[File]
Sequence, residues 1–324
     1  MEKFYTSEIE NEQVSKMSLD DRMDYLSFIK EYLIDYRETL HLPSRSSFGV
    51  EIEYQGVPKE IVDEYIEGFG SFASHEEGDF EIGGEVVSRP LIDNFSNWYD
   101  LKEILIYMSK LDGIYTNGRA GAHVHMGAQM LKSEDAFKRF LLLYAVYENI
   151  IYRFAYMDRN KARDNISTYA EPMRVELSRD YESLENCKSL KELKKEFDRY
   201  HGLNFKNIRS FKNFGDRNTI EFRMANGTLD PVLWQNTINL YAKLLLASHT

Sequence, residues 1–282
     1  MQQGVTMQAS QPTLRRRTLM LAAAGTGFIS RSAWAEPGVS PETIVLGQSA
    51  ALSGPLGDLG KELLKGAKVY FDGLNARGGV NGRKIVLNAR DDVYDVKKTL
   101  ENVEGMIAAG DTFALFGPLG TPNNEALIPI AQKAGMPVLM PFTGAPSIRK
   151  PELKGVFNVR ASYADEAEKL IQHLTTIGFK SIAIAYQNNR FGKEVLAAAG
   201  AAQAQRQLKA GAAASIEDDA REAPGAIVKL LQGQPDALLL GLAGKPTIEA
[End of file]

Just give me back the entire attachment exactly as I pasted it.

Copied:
Sequence, residues 1–324
     1  MEKFYTSEIE NEQVSKMSLD DRMDYLSFIK EYLIDYRETL HLPSRSSFGV
    51  EIEYQGVPKE IVDEYIEGFG SFASHEEGDF EIGGEVVSRP LIDNFSNWYD
   101  LKEILIYMSK LDGIYTNGRA GAHVHMGAQM LKSEDAFKRF LLLYAVYENI
   151  IYRFAYMDRN KARDNISTYA EPMRVELSRD YESLENCKSL KELKKEFDRY
   201  HGLNFKNIRS FKNFGDRNTI EFRMANGTLD PVLWQNTINL YAKLLLASHT

Sequence, residues 1–282
     1  MQQGVTMQAS QPTLRRRTLM LAAAGTGFIS RSAWAEPGVS PETIVLGQSA
    51  ALSGPLGDLG KELLKGAKVY FDGLNARGGV NGRKIVLNAR DDVYDVKKTL
   101  ENVEGMIAAG DTFALFGPLG TPNNEALIPI AQKAGMPVLM PFTGAPSIRK
   151  PELKGVFNVR ASYADEAEKL IQHLTTIGFK SIAIAYQNNR FGKEVLAAAG
   201  AAQAQRQLKA GAAASIEDDA REAPGAIVKL LQGQPDALLL GLAGKPTIEA